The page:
But the resistance needs to consider what else Trump may do under this “National Emergency”.  The effects may extend far beyond the border.  It could extend to cities, with orders for ICE to escalate efforts.  It could reach the roads as police forces are mobilized.  It could reach state legislatures, in the form of legislation targeting sanctuary cities.

Perhaps the best suggestion for how to respond comes from Frederick Douglass.  The famous abolitionist leader ended the classic The Meaning of July 4th For the Negro, better known as What, To a Slave, is The Fourth of July with the following admonition:

This emergency may be the time for us to be that fire, that thunder, that whirlwind, that earthquake.  For folks whose activism has been confined to tweets and likes to take to the streets, to support those people who may be willing to take the direct actions that may be needed.  To get into the affected communities and work with the people affected the most.  To speak out and speak up at their workplaces, their congregations, etc.  This may mean confronting privilege, and getting out of the suburban comfort zone that many of the resistance inhabit.

 

A Year Of Action–and Results?

A year ago, we were all still parsing the tragedy of Parkland, Florida.  This seemed to be just another school shooting that would fade into the media ether.  The students of Parkland seemed to have other plans.  Perhaps taking cues from the #MeToo movement, the students took to social media.  Having existing groups like Moms Demand Action to join with may have also helped their efforts.

The way the activists handled the criticism from the gun manufacturers lobby and its rural reactionaries showed maturity beyond their years, and may have shown the shrillness of the manufacturers and their reactionary supporters.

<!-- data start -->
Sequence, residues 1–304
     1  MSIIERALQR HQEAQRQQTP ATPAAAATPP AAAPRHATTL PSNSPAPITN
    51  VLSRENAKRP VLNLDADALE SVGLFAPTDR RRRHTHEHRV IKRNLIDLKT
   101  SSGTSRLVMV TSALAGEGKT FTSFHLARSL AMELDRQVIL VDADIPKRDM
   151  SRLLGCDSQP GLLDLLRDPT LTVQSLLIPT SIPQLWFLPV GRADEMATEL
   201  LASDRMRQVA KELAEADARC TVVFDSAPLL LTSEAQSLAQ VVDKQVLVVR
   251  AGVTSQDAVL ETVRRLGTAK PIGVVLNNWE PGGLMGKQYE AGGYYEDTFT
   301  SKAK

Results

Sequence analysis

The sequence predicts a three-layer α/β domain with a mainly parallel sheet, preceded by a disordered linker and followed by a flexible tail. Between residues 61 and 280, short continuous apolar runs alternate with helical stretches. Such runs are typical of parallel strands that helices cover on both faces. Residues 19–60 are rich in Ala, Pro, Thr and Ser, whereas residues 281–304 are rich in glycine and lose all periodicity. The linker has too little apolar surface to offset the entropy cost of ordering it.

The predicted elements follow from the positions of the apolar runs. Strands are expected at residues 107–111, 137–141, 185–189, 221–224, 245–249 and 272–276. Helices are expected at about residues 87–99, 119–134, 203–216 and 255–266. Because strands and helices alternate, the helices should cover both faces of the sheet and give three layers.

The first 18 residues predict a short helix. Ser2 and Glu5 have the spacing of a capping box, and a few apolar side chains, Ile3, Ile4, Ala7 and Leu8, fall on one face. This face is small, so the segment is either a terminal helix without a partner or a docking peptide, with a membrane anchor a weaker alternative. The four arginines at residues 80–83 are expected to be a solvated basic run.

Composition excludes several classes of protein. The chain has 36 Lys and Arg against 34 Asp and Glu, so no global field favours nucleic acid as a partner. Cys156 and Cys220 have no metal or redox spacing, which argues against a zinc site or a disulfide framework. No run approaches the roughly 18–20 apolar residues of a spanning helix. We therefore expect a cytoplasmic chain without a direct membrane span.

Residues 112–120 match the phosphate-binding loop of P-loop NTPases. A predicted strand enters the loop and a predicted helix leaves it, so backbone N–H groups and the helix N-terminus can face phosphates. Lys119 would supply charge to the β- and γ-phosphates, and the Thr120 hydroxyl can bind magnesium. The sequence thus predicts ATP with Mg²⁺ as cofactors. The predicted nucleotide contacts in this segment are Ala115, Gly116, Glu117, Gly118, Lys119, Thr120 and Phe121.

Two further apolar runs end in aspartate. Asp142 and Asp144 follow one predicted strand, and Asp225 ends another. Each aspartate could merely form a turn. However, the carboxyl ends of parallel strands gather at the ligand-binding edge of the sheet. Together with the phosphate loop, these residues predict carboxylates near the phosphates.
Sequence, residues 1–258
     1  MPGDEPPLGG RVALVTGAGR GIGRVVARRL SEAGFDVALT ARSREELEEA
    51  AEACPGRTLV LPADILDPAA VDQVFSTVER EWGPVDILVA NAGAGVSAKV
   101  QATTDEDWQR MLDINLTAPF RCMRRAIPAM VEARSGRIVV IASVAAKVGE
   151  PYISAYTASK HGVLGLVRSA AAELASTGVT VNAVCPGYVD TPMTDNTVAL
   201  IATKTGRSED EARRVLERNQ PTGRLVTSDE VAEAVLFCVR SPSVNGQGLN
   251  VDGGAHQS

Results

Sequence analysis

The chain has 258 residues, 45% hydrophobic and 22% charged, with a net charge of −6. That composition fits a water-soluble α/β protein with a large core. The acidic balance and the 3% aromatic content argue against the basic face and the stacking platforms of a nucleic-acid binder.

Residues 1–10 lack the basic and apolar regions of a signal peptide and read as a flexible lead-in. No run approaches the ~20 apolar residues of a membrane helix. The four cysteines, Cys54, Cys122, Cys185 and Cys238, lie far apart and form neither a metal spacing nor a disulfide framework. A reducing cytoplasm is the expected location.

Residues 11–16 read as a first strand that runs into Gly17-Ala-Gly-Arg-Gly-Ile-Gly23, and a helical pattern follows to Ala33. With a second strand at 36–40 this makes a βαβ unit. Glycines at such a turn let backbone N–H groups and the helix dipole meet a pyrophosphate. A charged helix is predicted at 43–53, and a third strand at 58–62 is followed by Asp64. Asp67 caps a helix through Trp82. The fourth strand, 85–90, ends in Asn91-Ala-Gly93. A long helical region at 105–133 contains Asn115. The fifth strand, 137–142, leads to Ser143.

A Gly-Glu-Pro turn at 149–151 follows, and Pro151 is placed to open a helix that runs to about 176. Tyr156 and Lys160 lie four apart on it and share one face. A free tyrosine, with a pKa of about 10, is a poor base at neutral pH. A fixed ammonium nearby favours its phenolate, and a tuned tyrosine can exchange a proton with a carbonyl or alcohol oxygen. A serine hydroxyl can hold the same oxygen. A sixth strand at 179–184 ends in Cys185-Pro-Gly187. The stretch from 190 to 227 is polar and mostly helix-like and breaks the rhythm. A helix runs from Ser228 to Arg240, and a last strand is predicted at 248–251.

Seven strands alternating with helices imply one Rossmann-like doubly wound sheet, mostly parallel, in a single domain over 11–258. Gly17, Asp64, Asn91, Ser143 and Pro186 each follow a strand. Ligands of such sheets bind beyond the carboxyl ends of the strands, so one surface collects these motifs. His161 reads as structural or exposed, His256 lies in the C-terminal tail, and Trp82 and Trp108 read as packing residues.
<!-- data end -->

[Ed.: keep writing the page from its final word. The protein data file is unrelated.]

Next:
But the young people also did get results.  Advocates for what is called “Gun sense”; background checks, magazine limits, etc made gains in the midterms and several states have proposed legislation.

The Parkland Students and other groups still have a long way to go.  In my opinion, they need to focus on more than the mass shootings and look at the “daily grind” of gun violence that often mainly affects people of color, etc.  They also need to concentrate on the power of corporate interests like the NRA.  I am still waiting for an alliance or coalition between Moms Demand and groups like Move to Amend.

Since Parkland, there have been more mass shootings.  Just as there were mass shootings before Parkland.  Each one makes me wonder when, and if enough Americans will say “enough!”

Dangerous Precedents?

Today, Feb 7, could be another example of a “Bust” for the #BernieOrBust and #DemExit folks.  The Supreme Court, with a more solid Anti-Reproductive Rights majority, may rule on whether a Louisiana law that would put crippling restrictions on reproductive health providers can take effect.  This law would likely be a model for states to pass similar laws and may be a step towards rolling back one of many decisions that the right has had its eyes on for decades.  It will be interesting to see how many #BernieOrBust and #DemExit folks would be willing to use their privilege to build the #maidez movement that may be necessary.

But the Fall session may bring an even greater threat. During that term, the Court may hear a challenge to a New York City law that forbids gun owners from taking their weapons outside of city limits.

I have been looking for a case where a city or state makes the argument that they are exercising their right to regulate the militia.  That seems to be the part of the 2nd Amendment that the gun manufacturers lobby and its rural reactionary supporters overlook.  The New York City law seems a weak example.  Perhaps why it has been brought up; I would say the best solution is to change the law to make the challenge moot.

The law being struck down could be used to restrict the ability of states, etc to regulate firearms.  But it may also pave the way for something that has been on the gun manufacturers lobby’s “wish list” for years.  It’s something that may put activists and communities of color literally under fire.

It’s called “Concealed Carry Reciprocity”, and on the surface it makes sense.  Much like a driver’s license works in every State, so would a concealed carry permit.  The issue is that the laws for concealed carry vary by State.  Reciprocity would in a sense make the weakest laws, likely from more rural states, the law of the land.

So what could this mean for activists or communities of color?  That any reactionary could be armed, and depending on the State they are in, be able to shoot almost without legal repercussion.

This may be yet another case of #BernieOrBust and #DemExit folks not considering the courts, and now needing to take ownership of their actions; not that they have a good record of doing that.